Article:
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27 September 2017

INTERPOL meeting targets fisheries crime through international response

VIENNA, Austria – Shaping innovative enforcement activities against transnational organized crime in the fisheries sector is high on the agenda of the 6th meeting of the INTERPOL Fisheries Crime Working Group (FCWG).

Co-organized with the United Nations Office on Drugs and Crime (UNODC), the three-day (27 – 29 September) event brings together fisheries directors, heads of police and fisheries compliance units, customs officers, heads of customs and tax investigation, senior investigators, prosecutors and other law enforcement officers specializing in fisheries crime. 

More than 100 participants from some 50 countries and five Intergovernmental Organizations will review compliance issues, information collection plans, operational planning tools and real-life case studies.

Amongst these, INTERPOL’s Project Scale has secured the attendance of participants from 32 developing countries as part of its capacity building, information exchange and operational assistance programme to enhance the policing capabilities of developing countries to combat fisheries crime.

Disproportionate effects occur in developing countries and impact food supplies in coastal communities. Economic losses due to the theft of marine resources, tax and customs frauds further deprive treasuries of the long term sustainable benefits of improved resource management.

Through INTERPOL’s Project Scale, an initiative which supports member countries to identify, deter and disrupt transnational fisheries crime, the FCWG provides critical support mechanisms for establishing cooperation between INTERPOL member countries against the transnational criminal risk factors often associated with Illegal, Unreported and Unregulated (IUU) fishing.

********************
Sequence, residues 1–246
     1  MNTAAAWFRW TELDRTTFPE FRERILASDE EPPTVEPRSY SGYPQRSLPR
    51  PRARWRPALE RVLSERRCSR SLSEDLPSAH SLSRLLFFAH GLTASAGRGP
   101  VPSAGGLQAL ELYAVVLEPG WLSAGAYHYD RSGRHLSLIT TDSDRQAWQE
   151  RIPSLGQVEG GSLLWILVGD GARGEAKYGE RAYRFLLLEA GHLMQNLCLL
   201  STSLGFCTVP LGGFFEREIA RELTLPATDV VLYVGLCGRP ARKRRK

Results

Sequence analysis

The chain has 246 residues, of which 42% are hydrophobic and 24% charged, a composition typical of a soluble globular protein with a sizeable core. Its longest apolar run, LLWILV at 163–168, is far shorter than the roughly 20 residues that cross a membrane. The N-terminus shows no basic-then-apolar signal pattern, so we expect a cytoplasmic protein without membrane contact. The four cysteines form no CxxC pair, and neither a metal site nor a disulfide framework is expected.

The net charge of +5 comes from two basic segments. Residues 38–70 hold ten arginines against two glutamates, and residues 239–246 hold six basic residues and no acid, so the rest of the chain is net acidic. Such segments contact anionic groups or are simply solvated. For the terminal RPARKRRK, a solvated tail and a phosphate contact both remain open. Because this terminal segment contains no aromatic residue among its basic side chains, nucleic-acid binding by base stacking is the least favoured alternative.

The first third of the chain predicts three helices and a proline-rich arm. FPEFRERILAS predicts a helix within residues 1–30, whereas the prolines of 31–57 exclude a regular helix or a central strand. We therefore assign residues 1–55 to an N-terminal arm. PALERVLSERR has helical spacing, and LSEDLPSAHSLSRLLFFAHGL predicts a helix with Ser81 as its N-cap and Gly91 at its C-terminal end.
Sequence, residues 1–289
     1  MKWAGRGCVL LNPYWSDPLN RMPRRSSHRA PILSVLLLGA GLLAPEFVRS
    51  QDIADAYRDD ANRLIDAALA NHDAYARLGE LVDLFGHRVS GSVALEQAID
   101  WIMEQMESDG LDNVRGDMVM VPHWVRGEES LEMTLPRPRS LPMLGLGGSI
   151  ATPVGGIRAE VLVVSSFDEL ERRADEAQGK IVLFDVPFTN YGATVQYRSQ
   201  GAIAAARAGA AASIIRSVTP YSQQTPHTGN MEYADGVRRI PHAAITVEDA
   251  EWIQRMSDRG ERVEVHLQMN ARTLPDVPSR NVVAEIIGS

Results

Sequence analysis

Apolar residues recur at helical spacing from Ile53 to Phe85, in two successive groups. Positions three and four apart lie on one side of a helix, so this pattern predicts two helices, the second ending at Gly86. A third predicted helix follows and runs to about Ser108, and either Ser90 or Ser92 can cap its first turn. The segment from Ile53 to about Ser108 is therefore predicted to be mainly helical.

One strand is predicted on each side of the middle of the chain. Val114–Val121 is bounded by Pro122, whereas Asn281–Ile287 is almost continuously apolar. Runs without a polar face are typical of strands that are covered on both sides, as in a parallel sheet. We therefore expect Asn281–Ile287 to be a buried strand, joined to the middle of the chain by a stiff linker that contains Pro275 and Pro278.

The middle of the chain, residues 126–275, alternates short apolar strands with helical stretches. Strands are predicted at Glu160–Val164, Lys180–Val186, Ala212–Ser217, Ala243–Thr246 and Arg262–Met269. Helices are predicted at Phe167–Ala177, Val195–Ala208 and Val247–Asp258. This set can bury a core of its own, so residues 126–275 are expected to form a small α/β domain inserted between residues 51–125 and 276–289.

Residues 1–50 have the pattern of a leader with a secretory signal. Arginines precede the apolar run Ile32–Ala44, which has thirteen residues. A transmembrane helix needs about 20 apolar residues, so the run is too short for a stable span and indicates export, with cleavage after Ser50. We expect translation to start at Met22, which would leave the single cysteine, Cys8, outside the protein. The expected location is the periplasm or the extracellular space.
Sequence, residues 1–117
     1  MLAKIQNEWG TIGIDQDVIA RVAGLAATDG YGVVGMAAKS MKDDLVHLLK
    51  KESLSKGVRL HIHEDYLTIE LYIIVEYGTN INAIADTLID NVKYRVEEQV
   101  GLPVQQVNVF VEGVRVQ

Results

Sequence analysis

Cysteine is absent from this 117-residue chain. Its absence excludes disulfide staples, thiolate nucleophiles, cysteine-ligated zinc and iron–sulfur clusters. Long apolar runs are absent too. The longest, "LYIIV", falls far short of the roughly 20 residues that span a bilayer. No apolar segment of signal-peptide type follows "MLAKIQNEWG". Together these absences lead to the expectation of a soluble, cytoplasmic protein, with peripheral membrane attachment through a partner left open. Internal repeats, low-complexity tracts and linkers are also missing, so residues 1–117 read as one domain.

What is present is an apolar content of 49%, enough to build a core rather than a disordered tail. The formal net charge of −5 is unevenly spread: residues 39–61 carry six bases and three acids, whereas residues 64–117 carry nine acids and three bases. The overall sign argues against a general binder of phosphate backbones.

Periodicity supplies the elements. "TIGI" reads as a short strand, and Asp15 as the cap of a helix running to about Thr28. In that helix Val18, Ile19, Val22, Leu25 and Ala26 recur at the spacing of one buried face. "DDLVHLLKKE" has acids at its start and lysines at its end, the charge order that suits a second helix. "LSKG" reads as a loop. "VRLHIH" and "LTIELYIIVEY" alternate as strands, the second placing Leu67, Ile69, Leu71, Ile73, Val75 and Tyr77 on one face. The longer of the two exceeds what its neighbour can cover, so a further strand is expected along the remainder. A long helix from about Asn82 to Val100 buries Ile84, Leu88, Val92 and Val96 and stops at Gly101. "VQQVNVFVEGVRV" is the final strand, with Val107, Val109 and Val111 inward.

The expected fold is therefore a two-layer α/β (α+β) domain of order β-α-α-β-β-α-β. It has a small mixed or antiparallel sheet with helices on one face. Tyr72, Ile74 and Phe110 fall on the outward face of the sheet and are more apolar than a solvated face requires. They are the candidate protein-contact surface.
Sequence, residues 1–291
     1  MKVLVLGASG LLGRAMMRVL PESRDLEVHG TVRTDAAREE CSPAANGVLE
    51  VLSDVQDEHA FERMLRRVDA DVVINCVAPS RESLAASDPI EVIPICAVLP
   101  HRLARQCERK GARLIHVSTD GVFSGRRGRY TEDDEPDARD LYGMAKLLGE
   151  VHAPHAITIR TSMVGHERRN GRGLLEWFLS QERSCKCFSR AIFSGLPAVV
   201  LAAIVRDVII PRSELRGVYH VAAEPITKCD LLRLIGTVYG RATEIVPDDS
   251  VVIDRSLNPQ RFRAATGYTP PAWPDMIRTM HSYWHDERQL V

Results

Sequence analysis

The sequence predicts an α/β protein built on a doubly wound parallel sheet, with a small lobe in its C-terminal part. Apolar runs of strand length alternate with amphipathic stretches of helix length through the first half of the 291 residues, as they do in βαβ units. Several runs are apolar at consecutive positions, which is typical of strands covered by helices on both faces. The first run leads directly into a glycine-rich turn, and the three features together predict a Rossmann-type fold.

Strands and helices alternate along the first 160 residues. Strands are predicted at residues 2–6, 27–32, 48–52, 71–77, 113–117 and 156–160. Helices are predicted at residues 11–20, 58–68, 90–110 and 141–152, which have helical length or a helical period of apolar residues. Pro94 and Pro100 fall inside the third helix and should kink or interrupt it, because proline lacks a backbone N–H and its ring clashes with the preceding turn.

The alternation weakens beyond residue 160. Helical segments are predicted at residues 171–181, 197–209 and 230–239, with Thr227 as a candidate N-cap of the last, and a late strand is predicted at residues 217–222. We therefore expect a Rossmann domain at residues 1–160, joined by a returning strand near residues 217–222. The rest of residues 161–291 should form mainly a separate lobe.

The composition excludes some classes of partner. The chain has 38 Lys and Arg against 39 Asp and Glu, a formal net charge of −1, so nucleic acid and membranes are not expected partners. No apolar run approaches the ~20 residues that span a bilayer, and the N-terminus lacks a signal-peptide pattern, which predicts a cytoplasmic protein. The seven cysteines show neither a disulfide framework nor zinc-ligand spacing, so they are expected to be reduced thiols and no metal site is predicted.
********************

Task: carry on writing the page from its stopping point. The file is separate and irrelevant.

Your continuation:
“The INTERPOL Fisheries Crime Working Group is providing an important international platform for member countries to discuss and initiate projects together to combat transnational fisheries crimes and associated crimes. They are also gaining a greater understanding of the role played by INTERPOL’s global policing capabilities to address fisheries crime,” said Daoming Zhang, Assistant Director of INTERPOL’s Illicit Markets sub-directorate.

To this end, the FCWG is helping support the development of high impact, innovative solutions to global problems in the fisheries sector tied to corruption, forced labour, illicit foods, the smuggling of protected species, the destruction of vital ecosystems, and harm to marine tourism.

In this respect, participants at the INTERPOL FCWG meeting heard that estimates of annual losses of between USD 10 and 23 billion to the global economy as a result of IUU fishing do not take account of the collateral economic and social impacts of the organized criminal business models.

The meeting was preceded by the UNODC Third International Symposium on Fisheries Crime (FishCRIME 2017) held from 25 to 26 September and co-organized by INTERPOL, the Government of Indonesia, the Norwegian Ministry of Trade, Industry and Fisheries, the Nordic Council of Ministers, the North-Atlantic Fisheries Intelligence Group and the PescaDOLUS Network.

This high-level meeting has helped generate the global awareness and political will to get behind the tactical and operational efforts of the fisheries crime enforcement community represented at the FCWG.